In some instances, the stagnant fluid within the cyst can become a breeding ground for bacteria. This can result in an infection within the cyst, causing it to become enlarged, painful, and red. When this happens, it is referred to as a Bartholin abscess.

Recurrent Cysts: 

Some women may experience recurrent Bartholin cysts, where new cysts form after the resolution of a previous one. This recurrence can be due to underlying factors that predispose the Bartholin glands to blockage, such as anatomical variations or chronic inflammation.

Bartholin Cyst and Menstruation 

It's perfectly fine to seek help for a Bartholin cyst during your period; doctors are accustomed to it and can provide appropriate care even during menstruation

Bartholin Cyst and Treatment

1. At Home

A Bartholin cyst popped can be uncomfortable, but there are some things you can try at home to help with the discomfort and potentially encourage the cyst to go away on its own. If you want to know how to pop a Bartholin cyst yourself, you should know that as far as possible, you should avoid it. However, with proper caution, you can try: 

  • Applying a warm, moist cloth to the affected area for about 20 minutes several times a day can help reduce pain and promote drainage of the cyst. This can sometimes help the cyst resolve naturally.
  • Soaking in a warm sitz bath, which is a shallow bath that covers the hips and buttocks, can provide relief. You can add Epsom salts to the bathwater for added comfort.
  • Over-the-counter pain relievers can help manage any pain or discomfort associated with the cyst.
  • Maintaining good genital hygiene is essential. Ensure that the area is kept clean and dry to prevent infection.
  • Staying well-hydrated can sometimes help with cyst drainage.

2. When to Seek Medical Help when You Have Bartholin cyst?

While some Bartholin cysts may resolve on their own or with home care, it's important to know when it's time to seek medical attention:

  • If the cyst becomes increasingly painful or causes severe discomfort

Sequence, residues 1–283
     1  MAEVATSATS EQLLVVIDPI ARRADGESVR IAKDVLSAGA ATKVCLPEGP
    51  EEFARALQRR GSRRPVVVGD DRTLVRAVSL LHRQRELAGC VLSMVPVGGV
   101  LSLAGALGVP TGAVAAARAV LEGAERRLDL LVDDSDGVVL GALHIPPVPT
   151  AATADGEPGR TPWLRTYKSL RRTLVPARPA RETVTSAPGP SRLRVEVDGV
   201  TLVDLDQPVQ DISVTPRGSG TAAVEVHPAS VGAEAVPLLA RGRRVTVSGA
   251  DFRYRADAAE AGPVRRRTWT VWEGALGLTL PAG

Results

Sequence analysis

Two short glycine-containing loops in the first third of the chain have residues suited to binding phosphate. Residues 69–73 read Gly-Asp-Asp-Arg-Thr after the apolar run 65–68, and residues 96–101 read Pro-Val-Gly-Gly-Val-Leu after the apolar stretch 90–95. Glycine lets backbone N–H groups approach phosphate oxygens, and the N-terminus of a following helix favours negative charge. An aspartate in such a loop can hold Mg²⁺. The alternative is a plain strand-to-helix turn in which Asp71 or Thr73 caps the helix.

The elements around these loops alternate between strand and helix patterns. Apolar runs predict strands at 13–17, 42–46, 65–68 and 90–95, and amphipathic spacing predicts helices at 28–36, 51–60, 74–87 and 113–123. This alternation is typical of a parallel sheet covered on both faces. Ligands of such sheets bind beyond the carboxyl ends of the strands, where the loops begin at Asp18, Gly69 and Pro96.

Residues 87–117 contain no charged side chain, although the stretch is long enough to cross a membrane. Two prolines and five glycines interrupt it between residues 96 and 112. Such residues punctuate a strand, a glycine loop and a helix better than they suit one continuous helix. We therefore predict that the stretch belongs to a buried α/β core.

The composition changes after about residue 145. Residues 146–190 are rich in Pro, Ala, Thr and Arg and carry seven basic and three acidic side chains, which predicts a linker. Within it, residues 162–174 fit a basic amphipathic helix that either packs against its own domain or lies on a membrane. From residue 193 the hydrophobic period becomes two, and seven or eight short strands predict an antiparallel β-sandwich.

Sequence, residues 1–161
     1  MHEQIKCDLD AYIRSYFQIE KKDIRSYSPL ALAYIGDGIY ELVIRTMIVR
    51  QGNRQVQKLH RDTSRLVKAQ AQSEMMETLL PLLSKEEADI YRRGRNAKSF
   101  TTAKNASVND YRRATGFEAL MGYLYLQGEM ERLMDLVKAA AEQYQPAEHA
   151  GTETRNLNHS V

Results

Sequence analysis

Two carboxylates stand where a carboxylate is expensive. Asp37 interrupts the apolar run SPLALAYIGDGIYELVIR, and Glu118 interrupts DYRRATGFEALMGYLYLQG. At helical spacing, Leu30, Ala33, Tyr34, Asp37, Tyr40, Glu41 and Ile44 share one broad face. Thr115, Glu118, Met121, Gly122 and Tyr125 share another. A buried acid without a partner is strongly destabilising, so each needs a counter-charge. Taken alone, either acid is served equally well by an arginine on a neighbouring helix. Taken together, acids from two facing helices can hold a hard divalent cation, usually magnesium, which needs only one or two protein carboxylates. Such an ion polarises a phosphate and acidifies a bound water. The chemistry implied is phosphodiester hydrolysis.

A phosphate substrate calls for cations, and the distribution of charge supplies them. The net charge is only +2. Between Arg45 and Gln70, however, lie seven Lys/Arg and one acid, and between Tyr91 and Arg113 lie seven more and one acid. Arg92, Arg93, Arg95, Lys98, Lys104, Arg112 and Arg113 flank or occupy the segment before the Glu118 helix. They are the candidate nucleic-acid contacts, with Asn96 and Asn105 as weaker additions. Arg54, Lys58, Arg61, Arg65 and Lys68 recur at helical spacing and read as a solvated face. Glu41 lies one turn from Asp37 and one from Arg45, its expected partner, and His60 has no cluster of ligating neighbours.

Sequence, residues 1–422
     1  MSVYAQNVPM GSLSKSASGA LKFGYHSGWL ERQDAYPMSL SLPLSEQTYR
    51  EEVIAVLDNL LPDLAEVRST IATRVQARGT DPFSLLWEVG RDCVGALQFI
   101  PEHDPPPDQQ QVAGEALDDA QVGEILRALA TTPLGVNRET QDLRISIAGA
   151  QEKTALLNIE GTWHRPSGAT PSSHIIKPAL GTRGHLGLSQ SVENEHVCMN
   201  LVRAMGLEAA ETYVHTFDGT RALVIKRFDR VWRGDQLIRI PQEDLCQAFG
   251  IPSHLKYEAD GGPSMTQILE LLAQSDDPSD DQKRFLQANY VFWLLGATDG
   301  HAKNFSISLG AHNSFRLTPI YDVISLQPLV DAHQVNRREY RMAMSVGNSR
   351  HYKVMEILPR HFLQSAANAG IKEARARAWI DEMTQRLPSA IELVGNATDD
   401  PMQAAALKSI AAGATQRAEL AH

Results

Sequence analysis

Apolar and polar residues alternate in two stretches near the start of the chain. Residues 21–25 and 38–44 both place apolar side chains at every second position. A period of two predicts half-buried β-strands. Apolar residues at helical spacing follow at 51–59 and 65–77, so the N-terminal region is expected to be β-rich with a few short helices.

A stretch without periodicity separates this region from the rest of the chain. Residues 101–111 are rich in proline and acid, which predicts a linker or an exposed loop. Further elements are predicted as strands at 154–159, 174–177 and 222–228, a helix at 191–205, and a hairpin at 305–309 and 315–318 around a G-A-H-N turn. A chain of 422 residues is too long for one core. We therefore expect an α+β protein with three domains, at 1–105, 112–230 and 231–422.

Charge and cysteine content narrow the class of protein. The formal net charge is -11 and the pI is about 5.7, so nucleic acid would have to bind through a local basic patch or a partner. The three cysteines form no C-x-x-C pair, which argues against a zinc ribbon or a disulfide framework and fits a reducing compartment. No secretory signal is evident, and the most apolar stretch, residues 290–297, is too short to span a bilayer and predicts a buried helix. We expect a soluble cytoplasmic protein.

• If you notice signs of infection, such as redness, warmth, increased swelling, or the development of a fever
  • If the cyst becomes very large, it can interfere with your ability to walk or sit comfortably
  • If you've had Bartholin cysts before and they keep coming back
  • If the cyst becomes an abscess (painful, red, swollen, and filled with pus), it requires medical treatment, including possible drainage and antibiotics for bartholin cyst treatment.
  • Pregnant women who develop a Bartholin cyst should seek medical advice, as treatment may be necessary to ensure the well-being of both the mother and baby.

Over to You

Now, you know all about Bartholin Cyst. It's important to know how to handle Bartholin cysts. While some home remedies can help, trying to pop them at home is not safe. If you're in pain or see signs of infection, see a doctor. Also, it's good to clarify that stress doesn't directly cause these cysts.

On a broader note, it's wise to invest in health insurance to cover all your medical needs. This ensures you're financially prepared for unexpected health issues like Bartholin cysts and can access the care you need. 

>> Also Read: Cervical Cancer Symptoms, Diagnosis and Treatment


1. The above information is for reference purposes only: Policy Assurance and Claims at the underwriter's discretion.

2. All plan features, benefits, coverage, and claims underwriting are subject to policy terms and conditions. Kindly refer to the brochure, sales prospectus, and policy documents carefully.

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Frequently Asked Questions

Q. How to burst a Bartholin cyst at home?

You should not burst a Bartholin cyst at home because it can make the situation worse and painful.

Q. Is Bartholin cyst caused by stress?

Stress is not a direct factor causing Bartholin cysts, as they typically result from blocked gland ducts.

Q. What is the difference between Bartholin cyst and abscess?

The main difference between a Bartholin cyst and abscess is that an abscess is an infected cyst and usually requires medical intervention.